Jeffrey Cole (Omar Epps) is an undercover cop who, rather easily, infiltrates the inner circle of an underworld crime boss known as God (L L Cool J). God is the kind of smiling sociopath who might show up beaming and huggable at some church function but, at the first whiff of disloyalty, shove a pool cue up your ass. Cole’s infiltration of God’s unholy ring depends on his willingness to play his part to the hilt, and soon, in order to prove his mettle, he finds himself in the role of trigger man during a drive-by shooting. Yep, he’s "in too deep."
The last time we saw this scenario, or something very close to it, it was called Donnie Brasco. But unlike Brasco, which managed to honor certain genre conventions without lapsing into cliché, Deep is a pretty cornball affair. Having placed the action in a black urban context, the writers apparently couldn’t think of anything else to do except rifle through some old hood — in both senses of the word — movies and eschew characterization for golden-oldie dramatic clashes.
The actors acquit themselves well, given the material, although L L Cool J has far too much easy charm and not enough menace to play God. And, remarkably, two very interesting actors — Pam Grier and Stanley Tucci — appear dull and superfluous in small supporting roles. Again, this is the screenwriters’ fault. They should’ve taken a long hard look at what they’d written, worked it over a few more times and then thrown it away.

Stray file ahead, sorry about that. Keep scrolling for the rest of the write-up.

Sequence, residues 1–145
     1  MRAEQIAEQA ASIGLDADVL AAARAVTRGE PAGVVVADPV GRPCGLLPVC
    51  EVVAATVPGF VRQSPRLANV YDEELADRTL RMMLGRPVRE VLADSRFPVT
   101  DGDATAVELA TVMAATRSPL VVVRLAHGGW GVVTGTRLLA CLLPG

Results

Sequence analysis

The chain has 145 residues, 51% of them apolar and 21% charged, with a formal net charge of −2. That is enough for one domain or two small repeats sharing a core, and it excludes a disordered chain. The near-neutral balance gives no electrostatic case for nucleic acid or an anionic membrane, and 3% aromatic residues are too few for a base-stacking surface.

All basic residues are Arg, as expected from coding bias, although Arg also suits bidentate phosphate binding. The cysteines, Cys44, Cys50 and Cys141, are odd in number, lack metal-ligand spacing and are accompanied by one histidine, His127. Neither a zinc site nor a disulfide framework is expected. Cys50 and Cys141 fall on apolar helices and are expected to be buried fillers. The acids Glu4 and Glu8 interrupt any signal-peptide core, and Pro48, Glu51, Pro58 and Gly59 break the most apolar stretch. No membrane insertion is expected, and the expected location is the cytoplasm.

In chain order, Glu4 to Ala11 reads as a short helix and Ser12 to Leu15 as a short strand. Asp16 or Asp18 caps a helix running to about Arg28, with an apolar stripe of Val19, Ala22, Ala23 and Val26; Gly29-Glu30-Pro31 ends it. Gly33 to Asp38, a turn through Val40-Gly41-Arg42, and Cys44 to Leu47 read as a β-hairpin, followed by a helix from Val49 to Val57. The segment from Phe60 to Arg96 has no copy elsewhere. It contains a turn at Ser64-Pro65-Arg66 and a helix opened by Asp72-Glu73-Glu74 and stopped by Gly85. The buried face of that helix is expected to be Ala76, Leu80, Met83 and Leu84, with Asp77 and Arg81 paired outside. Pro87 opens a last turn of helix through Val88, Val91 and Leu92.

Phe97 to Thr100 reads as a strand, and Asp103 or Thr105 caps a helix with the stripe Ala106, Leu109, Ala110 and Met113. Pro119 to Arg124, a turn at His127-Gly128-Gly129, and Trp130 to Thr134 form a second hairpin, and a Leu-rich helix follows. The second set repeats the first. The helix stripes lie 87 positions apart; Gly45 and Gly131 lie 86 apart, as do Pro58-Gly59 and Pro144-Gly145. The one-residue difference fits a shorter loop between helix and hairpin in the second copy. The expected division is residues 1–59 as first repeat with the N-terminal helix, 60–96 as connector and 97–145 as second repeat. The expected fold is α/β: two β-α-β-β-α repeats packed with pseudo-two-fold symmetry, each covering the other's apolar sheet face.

Richard C. Walls writes about the arts for the Metro Times. E-mail him at email@example.com.
We welcome readers to submit letters regarding articles and content in Detroit Metro Times. Letters should be a minimum of 150 words, refer to content that has appeared on Detroit Metro Times, and must include the writer's full name, address, and phone number for verification purposes. No attachments will be considered. Writers of letters selected for publication will be notified via email. Letters may be edited and shortened for space.
Email us at firstname.lastname@example.org.
Detroit Metro Times works for you, and your support is essential.
Our small but mighty local team works tirelessly to bring you high-quality, uncensored news and cultural coverage of Detroit and beyond.
Unlike many newspapers, ours is free – and we'd like to keep it that way, because we believe, now more than ever, everyone deserves access to accurate, independent coverage of their community.
Whether it's a one-time acknowledgement of this article or an ongoing pledge, your support helps keep Detroit's true free press free.